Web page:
A surgeon becomes the patient.
The bedside manner of surgeons is stereotypically cut and dry, but a near-death experience—his own—gave one cardiothoracic surgeon an enlightened outlook on patient care.
In December 2017, Robert Meguid ’97 MD’02, MPH, an associate professor of surgery at the University of Colorado School of Medicine, was teetering between life and death when a common cold quickly devolved into septic shock. Sepsis can happen to anyone: Meguid, 42 and healthy, climbs mountains and has played ice hockey since his undergrad days at Brown.
He was on vacation with his family—wife Cheryl, daughter Natalie, 3, and 11-month-old son Cameron—on the coast of Kangaroo Island, off southern Australia, walking among endangered Australian sea lions. Two hours after the nature walk, Meguid was curled up in the car, unable to breathe; 15 hours later, he was intubated in the island’s only emergency room and helicoptered to a tertiary hospital on the mainland.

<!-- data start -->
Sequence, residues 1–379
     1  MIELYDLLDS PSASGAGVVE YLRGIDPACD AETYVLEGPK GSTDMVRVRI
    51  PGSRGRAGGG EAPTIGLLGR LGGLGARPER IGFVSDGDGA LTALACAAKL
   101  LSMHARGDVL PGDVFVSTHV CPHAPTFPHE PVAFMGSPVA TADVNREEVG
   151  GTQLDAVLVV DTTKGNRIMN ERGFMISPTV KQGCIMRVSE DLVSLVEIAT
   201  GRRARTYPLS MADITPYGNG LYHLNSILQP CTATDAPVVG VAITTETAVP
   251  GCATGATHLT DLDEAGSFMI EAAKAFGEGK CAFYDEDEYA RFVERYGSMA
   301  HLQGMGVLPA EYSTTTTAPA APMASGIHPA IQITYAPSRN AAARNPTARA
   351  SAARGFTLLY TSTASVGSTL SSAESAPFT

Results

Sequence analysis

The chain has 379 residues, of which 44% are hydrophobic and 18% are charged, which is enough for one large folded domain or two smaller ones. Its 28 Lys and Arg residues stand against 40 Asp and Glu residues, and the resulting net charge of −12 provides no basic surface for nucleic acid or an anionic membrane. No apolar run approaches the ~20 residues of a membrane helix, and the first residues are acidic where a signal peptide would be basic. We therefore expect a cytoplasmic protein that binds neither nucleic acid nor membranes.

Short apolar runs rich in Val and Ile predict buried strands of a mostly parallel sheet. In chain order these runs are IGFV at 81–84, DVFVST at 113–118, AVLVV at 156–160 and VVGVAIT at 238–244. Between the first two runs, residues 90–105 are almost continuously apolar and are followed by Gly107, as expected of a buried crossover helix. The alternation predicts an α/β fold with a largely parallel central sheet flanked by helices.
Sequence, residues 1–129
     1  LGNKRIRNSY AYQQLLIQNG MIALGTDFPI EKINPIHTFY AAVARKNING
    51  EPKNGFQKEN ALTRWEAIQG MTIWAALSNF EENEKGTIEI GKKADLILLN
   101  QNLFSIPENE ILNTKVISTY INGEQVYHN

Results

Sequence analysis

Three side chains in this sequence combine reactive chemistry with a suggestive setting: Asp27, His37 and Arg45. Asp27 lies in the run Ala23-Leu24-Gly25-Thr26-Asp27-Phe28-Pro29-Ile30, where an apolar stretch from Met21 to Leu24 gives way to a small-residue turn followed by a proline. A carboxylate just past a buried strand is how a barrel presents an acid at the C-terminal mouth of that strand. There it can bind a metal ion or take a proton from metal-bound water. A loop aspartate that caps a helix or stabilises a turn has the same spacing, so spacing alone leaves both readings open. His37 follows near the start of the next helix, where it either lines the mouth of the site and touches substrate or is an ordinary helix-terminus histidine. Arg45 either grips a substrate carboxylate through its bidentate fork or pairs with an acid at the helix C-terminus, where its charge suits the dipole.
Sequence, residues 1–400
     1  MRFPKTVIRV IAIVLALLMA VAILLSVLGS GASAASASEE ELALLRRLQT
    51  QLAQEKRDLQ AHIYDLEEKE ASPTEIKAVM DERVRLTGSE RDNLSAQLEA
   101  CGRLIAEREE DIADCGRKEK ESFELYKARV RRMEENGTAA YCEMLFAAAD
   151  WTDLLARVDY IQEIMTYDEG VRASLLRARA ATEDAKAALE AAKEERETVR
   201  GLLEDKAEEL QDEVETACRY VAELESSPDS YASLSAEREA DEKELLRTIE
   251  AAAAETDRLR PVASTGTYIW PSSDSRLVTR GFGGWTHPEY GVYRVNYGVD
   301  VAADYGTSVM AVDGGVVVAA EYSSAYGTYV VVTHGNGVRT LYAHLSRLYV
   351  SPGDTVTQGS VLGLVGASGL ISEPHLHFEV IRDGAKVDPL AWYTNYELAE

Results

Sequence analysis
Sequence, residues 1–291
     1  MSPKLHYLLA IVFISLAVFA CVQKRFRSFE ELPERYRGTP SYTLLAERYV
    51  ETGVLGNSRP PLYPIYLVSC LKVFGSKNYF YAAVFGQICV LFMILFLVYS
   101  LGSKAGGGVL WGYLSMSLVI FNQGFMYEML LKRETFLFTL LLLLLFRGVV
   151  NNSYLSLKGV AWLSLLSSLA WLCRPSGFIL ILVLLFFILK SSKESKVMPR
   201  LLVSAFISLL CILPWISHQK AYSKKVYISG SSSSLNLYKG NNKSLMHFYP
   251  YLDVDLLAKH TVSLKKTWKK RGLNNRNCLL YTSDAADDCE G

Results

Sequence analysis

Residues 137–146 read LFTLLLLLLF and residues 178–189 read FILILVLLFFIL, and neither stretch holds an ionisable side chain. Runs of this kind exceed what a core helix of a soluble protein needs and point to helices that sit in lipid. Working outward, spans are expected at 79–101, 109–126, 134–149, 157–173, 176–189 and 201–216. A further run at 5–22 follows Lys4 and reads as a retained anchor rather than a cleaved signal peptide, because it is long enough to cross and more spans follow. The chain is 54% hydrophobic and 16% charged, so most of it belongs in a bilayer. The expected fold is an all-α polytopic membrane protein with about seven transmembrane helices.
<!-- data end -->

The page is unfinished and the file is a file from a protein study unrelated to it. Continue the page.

Meguid’s lungs and kidneys shut down, and he had to have a tracheostomy. He lost 35 pounds and was unconscious for 22 days, ultimately waking in the same ICU in Colorado where he cares for his own patients after surgery.
Now, Meguid says, he is “functionally almost entirely recovered”; he returned to surgery in April and hopes to get back on the ice this winter.
The ordeal reshaped how Meguid practices medicine, he says. “The emphasis in medical school is on learning about the patient, and Brown excelled in communicating the importance of empathy toward patients,” he says. Yet he knows now that he didn’t understand what patients’ families endure. “I have noticed a difference in my ability to talk to the families and to relate to what they’re going through,” he says.
Most importantly, Meguid says, “It makes me cherish each day with my family.” Still, he says, “I could have lived without this firsthand experience.”